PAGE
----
Governing harder than campaigning


A recent letter on Tea Party concerns was well written and on the surface appealing. For example, the statement about "how common sense has gone out the window" sounds good, but what exactly does that mean? And the advice "to live within our means" also sounds good and often is, but cutting spending isn't the only legitimate way to do that. No doubt there are "a myriad of social programs along with overspending ... in our government." But which specific programs are overspending and by how much? And surely some are underfunded. Maybe it's clear to the letter writer "history has shown that increasing taxes results in very negative consequences to our economy." My guess is history might show a wide variety of tax policy consequences both positive and negative. Probably the recent recession has resulted in an "increasing segment of our society to become dependent on the government." But we all depend on the government in many ways. Has all this dependence led to widespread loss of self-reliance and individual initiative? I personally don't think so, although specific contrary examples could surely be found.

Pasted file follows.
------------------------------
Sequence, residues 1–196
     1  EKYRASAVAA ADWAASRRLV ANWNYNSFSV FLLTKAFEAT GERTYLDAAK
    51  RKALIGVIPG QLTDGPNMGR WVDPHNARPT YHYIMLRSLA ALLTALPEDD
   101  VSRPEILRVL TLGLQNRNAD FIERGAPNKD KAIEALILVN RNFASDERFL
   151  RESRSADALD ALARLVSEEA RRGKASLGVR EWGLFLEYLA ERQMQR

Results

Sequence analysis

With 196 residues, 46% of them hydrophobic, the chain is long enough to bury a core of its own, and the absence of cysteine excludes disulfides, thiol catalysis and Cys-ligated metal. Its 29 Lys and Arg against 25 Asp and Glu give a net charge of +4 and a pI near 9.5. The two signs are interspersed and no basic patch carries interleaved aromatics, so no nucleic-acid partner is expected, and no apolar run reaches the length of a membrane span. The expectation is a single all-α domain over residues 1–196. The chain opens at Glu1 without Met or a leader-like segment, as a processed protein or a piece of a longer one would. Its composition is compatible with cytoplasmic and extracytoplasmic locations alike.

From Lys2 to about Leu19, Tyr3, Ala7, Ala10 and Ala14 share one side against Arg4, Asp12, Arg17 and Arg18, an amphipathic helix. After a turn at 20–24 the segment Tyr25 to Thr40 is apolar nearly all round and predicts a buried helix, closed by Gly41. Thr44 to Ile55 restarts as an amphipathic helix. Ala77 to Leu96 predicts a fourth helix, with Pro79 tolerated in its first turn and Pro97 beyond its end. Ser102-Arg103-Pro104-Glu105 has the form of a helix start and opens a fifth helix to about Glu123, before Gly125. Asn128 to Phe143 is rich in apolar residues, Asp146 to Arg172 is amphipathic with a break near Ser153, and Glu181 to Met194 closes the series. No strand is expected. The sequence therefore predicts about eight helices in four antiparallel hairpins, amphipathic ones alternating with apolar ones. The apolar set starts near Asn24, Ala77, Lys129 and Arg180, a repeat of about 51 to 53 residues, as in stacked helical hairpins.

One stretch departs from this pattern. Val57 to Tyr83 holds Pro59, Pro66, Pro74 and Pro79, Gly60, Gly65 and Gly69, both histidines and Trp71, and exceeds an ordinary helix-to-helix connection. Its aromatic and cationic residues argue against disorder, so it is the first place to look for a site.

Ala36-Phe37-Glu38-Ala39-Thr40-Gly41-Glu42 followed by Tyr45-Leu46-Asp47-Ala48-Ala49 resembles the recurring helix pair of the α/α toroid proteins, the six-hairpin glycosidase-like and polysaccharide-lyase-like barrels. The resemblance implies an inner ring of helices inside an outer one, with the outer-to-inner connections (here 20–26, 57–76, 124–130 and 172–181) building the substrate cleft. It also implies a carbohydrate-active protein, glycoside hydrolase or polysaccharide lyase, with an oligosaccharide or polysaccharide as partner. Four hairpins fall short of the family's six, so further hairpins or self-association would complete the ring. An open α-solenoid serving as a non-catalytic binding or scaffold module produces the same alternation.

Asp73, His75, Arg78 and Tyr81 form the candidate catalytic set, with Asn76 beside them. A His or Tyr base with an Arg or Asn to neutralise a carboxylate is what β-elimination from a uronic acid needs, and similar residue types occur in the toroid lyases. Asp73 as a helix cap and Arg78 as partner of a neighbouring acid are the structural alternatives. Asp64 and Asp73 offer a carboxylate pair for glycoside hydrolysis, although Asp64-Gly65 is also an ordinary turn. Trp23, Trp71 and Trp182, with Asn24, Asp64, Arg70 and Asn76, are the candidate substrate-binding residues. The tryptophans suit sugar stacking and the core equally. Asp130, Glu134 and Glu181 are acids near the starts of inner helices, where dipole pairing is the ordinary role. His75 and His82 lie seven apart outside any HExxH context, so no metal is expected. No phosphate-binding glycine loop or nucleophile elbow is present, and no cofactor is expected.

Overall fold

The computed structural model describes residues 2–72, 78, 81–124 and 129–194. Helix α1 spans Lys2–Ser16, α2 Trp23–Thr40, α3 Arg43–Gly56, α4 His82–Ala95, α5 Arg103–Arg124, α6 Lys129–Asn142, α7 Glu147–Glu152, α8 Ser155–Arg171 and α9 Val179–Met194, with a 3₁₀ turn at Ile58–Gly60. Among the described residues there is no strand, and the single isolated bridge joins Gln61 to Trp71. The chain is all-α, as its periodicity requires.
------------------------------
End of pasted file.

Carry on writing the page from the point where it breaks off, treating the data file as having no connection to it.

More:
Political campaigning has the luxury of broad generalities; actual governing doesn't. An effective democracy requires recognizing competing interests. It requires recognizing elections matter - you win some, you lose some. It requires recognizing your opponent may have some good ideas and that compromise does not necessarily reflect weakness. The Tea Party may have a few valid points, but in my opinion it speaks largely in generalities, shows little interest in governing, and fails to recognize what makes a democracy work well.

John Whitmer


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